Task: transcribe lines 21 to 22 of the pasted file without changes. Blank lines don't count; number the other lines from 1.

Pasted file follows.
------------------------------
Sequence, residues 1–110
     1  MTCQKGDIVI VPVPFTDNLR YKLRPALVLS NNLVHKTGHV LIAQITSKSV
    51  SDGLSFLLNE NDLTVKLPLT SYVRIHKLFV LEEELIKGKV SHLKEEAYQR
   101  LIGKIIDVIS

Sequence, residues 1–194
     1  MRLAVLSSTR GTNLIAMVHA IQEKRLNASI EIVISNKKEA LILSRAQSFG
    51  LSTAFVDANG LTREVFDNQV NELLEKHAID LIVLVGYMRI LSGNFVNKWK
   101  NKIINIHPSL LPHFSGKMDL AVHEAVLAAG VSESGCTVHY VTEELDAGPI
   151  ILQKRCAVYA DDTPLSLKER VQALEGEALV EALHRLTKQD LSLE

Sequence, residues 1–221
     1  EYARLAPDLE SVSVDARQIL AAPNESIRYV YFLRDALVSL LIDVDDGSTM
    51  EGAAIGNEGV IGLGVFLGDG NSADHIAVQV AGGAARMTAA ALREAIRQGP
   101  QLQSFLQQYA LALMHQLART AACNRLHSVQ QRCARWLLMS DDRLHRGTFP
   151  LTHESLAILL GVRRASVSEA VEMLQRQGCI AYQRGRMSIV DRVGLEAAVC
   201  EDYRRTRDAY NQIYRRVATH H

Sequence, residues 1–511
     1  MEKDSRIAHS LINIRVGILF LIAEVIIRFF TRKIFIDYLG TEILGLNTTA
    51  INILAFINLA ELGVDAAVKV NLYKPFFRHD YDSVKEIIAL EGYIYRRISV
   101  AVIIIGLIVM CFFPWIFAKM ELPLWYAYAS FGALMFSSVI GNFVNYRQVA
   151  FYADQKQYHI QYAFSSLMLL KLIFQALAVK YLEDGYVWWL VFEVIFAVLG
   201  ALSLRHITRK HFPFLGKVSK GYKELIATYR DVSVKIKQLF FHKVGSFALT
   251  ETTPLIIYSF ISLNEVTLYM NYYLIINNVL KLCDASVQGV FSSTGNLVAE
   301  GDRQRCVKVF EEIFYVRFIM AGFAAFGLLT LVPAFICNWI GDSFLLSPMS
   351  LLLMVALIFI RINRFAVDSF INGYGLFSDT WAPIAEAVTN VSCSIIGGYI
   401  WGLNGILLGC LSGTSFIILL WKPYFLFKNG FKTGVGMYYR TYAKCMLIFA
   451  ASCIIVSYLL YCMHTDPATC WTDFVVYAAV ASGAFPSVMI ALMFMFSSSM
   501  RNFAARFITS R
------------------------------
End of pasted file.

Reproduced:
   201  ALSLRHITRK HFPFLGKVSK GYKELIATYR DVSVKIKQLF FHKVGSFALT
   251  ETTPLIIYSF ISLNEVTLYM NYYLIINNVL KLCDASVQGV FSSTGNLVAE